Now I understand what was special about Pigpen. He was a great bluesman singer, organist and blues-harp (harmonica) player. He was their main frontman who kept the crowds engaged with his honest and his uplifting true-to-life on stage spirit. Many of their sets (in 1971) ended with the band doing “Turn on Your Lovelights” or “Not Fade Away/Going…/Not Fade Away” with Pigpen getting the audience join in and inspiring the men to introduce themselves to the women around them, hoping that they will make some connections. Although Jerry Garcia & Robert Hunter and Bob Weir & Bruce Barlow were their main songwriters, Pigpen also penned a number of songs as well. The handful of songs that he wrote like “Mr. Charlie”, “Chinatown Special” and “Two Souls in Communion” are all great! The above song, “Ain’t It Crazy” was written by Lightnin’ Hopkins and Pigpen’s version is hilarious. Every time I hear the line: “Mama bought a chicken, thought it was a duck, stuck it on the table with the legs sticking up”, I just crack up. Pigpen didn’t do psychedelics like the other members of the Dead, but he did like to drink alcohol and this was one of the reasons why he died so young. He lives the blues songs/life that he sung about and died at only 27, 50 years ago today. I know that The Dead were never the same without him but they did evolve in other ways and still had moments of transcendence at every show up until their demise in 1995 when Jerry Garcia passed away. A special toast to the Great Pigpen, they don’t make them like that anymore. - MC BruceLee


The DMG 32nd Anniversary FREE Weekly In-Store Performance Series Continues With:

Saturday, March 11th - The GauciMusic Series Continues with:
6pm: Rich Rosenthal - guitar / Ken Filiano - bass / Guillermo Gregorio - clarinet / Leonid Galaganov - drums
7pm: Stephen Gauci - sax / Adam Lane - bass / Kevin Shea - drums
8pm: Jeremy Carlstedt - drums / Nick Demopoulos - S.M.O.M.I.D.

Tuesday, March 14th:

Tuesday, March 21st:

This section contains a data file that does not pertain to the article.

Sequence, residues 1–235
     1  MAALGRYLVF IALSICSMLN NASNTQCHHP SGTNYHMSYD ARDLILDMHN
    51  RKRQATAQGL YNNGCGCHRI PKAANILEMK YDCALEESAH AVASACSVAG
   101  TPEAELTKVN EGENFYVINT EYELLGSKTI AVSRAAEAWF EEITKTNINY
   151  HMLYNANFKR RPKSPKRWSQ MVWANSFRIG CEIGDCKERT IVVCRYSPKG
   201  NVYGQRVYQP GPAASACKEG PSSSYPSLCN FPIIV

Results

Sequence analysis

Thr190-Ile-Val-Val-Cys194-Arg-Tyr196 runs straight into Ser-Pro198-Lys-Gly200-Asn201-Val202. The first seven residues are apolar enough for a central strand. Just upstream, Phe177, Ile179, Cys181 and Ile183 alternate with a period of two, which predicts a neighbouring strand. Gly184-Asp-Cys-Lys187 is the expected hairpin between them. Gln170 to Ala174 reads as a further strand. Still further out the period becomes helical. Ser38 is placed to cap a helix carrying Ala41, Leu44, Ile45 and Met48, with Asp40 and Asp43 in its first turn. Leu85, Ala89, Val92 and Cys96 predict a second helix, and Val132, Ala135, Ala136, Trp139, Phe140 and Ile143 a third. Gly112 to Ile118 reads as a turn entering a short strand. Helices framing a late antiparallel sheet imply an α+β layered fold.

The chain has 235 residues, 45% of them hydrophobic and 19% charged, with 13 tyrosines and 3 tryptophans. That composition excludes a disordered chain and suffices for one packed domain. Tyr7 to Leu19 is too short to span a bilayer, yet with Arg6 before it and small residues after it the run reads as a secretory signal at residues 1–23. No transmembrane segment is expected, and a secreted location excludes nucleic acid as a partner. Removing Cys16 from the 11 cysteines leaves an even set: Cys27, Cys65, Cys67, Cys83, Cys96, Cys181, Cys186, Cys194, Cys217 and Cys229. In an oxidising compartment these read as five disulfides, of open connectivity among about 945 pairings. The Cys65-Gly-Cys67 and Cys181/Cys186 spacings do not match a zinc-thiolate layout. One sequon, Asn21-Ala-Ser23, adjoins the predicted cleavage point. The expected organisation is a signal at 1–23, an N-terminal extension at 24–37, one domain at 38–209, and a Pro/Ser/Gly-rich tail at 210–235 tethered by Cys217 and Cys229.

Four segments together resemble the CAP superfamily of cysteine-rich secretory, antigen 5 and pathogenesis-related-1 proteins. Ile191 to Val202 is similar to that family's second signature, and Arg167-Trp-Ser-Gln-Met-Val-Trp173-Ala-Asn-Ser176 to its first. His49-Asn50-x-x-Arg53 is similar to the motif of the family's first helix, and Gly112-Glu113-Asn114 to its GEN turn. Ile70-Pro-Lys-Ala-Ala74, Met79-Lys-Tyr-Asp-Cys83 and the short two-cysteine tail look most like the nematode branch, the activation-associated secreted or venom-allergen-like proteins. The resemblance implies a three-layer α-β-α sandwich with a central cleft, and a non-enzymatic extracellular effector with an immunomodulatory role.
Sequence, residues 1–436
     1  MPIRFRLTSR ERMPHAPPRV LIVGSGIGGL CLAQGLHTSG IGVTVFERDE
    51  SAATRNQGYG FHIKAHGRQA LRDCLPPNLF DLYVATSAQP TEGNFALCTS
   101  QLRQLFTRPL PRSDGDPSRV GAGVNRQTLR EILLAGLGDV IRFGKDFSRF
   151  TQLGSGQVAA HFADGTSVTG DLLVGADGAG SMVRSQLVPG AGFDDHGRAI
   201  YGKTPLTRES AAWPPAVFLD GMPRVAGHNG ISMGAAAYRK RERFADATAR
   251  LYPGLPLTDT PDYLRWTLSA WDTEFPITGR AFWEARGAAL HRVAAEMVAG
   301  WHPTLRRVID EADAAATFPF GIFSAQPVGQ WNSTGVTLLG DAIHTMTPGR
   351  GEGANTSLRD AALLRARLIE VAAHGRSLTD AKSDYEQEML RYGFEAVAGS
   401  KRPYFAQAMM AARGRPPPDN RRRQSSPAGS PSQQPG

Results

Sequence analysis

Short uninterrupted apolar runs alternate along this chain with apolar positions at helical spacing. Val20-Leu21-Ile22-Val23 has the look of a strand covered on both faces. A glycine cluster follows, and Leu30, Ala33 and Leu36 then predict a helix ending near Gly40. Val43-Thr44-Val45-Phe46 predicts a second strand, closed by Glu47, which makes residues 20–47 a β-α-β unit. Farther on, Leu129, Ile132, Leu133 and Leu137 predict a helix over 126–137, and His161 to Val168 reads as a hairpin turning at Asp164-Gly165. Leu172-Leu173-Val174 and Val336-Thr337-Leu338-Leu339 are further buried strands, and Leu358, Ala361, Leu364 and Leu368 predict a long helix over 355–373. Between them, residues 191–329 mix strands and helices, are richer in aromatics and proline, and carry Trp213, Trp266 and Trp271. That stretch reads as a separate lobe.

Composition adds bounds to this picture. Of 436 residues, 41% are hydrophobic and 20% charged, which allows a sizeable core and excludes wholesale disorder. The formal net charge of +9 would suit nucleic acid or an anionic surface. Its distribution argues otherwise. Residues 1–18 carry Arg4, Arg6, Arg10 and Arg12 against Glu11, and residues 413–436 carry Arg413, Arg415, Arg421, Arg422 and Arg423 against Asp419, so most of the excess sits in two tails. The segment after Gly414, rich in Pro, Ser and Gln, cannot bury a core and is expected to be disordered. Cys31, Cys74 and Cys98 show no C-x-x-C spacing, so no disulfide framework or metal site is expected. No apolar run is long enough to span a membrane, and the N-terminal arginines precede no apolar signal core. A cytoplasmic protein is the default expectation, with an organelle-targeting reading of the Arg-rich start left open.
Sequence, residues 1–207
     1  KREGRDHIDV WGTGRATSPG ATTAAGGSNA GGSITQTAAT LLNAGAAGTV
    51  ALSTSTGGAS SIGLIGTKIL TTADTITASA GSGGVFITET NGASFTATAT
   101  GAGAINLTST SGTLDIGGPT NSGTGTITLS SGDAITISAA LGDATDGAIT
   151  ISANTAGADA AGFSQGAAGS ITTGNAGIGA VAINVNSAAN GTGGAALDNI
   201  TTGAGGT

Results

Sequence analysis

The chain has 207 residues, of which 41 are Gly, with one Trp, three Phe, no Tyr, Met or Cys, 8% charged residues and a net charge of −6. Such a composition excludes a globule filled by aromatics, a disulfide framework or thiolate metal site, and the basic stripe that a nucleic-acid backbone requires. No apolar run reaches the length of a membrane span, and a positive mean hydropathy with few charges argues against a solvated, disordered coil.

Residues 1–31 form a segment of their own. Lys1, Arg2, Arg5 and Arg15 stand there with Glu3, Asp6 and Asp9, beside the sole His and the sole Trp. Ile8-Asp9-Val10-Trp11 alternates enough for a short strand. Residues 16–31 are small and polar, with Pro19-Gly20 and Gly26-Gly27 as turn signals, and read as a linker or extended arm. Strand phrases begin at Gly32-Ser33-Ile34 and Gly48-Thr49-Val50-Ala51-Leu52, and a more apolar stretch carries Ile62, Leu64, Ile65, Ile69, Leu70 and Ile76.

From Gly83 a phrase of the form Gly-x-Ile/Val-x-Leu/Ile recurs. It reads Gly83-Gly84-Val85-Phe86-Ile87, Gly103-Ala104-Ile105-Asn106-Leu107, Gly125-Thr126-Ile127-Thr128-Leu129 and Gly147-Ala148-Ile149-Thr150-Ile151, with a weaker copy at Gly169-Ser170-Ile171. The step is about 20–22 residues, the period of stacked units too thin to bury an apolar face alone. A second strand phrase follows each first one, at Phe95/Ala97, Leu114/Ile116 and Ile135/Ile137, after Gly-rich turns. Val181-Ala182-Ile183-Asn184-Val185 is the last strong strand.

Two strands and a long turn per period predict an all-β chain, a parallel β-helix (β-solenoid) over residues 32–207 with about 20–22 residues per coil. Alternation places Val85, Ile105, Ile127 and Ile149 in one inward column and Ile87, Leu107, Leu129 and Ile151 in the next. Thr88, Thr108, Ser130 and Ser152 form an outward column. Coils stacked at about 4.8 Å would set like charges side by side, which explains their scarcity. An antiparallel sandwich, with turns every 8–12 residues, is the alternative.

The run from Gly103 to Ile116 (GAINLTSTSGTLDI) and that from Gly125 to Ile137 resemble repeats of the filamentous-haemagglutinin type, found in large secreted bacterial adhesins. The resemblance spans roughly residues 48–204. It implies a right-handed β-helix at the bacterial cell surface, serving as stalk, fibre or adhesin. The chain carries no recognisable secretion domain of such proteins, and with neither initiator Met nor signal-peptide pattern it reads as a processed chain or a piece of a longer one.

6:30: YVONNE LeBIEN - Solo vocals


This Week's Important New Offerings begin with an Amazing Book About

MILFORD GRAVES // MARK CHRISTMAN / JON CORBETT / WILLIAM PARKER / CARLO VENTURA / HUGH GLOVER / BEN HALL / FRED MOTEN / et al - A Mind-Body Deal (Inventory Press 9781941753378; USA) "Milford Graves has been a revelatory force in music since the mid-1960s, liberating the drummer from the role of 'timekeeper' to instrumental improviser and giving rise to the Free Jazz movement, with groundbreaking performances alongside Lou Reed, Min Tanaka and John Zorn. But musical practice cannot contain the energies of his creativity and intellect. Milford Graves' kaleidoscopic genius led him to develop an unprecedented body of interests -- from medicine to botany, stem cell regeneration to martial arts. A Mind-Body Deal is an attempt to open the doors of his habitat and spark curiosity in our own minds, so we too may learn to weave our mind-bodies with the rhythms of the world around us. A Mind-Body Deal gathers the intricate, multifaceted work of Milford Graves, exploring the practices and predilections of this extraordinary 'jazz mind.' Fully illustrated, this catalogue includes documentation from the eponymous show at ICA Philadelphia, exhibiting a collection of Graves' hand-painted album covers and posters, idiosyncratic drum sets, recording ephemera, multimedia sculptures, photographs, and costumes, with elements from his home and scientific studies." 256 pages. Paperback. 0.7" H x 10.4" L x 7.6" Weight almost 2 pounds.